The history of Indian paintings is just about as old as the history of the people of India, shedding light on the cultural and social conceptions. One of the most primitive instances of paintings in India can be traced back to mural paintings. Being the earliest evidence of Indian paintings made on cave walls, the mural art has distinctively preserved its essence all through.
For ages, art has been an influence in shaping up the social and political structure and Mural being one of them has given a thematic impact in transforming the prevailing notions. In modern times, Mural Art became a bridge that connected the racially and ethnically divided society. Mural art has also been painted on multiple tourist attractions to enrich the lost culture and keep it alive.
The word Mural is derived from the word 'Murus' meaning 'Wall'. This basically reflects that Mural art is a painting drawn on the walls to add colors to the surrounding mostly rendering the prehistoric lifestyle. Human exploration in search of food, family life, and their religious practices have been exceptionally delineated through this art and thus bringing forth unknown antiquity.
Mural art apparently came into light during the Upper Paleolithic age. The evidence of such is explicit through the cave paintings in Chauvet Cave in Southern France. Murals were also prevalent during the ancient Egyptian period which is believed to be dated around 3150 BC.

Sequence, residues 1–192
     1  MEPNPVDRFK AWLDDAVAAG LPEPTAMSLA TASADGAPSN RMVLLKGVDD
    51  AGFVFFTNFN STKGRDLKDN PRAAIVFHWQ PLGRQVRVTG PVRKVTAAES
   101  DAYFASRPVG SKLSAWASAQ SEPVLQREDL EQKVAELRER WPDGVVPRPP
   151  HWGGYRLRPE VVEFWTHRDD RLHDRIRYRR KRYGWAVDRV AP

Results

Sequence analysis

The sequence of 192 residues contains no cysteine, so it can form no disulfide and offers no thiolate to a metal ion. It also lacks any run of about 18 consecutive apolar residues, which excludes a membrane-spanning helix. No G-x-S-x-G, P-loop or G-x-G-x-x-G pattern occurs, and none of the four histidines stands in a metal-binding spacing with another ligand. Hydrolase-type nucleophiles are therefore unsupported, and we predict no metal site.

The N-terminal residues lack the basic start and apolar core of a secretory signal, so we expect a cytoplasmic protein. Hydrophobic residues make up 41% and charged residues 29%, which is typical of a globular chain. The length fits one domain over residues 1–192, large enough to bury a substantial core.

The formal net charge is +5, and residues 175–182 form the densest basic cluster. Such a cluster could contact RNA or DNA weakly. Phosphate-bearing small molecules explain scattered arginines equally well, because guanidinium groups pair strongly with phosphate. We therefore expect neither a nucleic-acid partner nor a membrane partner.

Generally, during the middle age, murals were drawn on dry plaster (fresco secco) and later the wet plaster was reintroduced in Italy which provided a better quality to the paintings. Kerala Murals is one of the finest examples of fresco secco. Natural dyes derived from terracotta, chalk, red ochre, and yellow ochre were used. Outlines were drawn from red ochre highlighted with brown, deep red, or black, and light shades were used to fill in.
As time passed, new techniques evolved. Oil or water-based mediums also came into existence. Nowadays, the photographic image of the murals is being imprinted on the walls giving them a realistic sense.
The earliest Indian murals can be found in the caves of Ajanta, Ellora, Bagh ( Madhya Pradesh), and Sittanavasal ( Tamil Nadu).
Ajanta paintings mainly depict the aspects of Buddhism and the 'Jataka' stories while in Ellora mostly Hindu deities are painted. Ajanta paintings are one of the most renowned fresco paintings which were completed in two phases. The oldest date to the 2nd century BC and the latter phase was around the 5th century A.D. under the Vakatakas who ruled the Deccan. Emotions are expressed through hand postures and the painting of the Dying princess received the most adulation.
Sittanavasal paintings built by Mahendra Verma and his son Narsimha Verman closely resembles the Bagh and Ajanta paintings which gave exuberant and glorious expression to themes relating to Jainism culture, themes, and Symbology.
Undoubtedly, the sublime art of Asia has brought eternal harmony and created a vision of pride for its natives.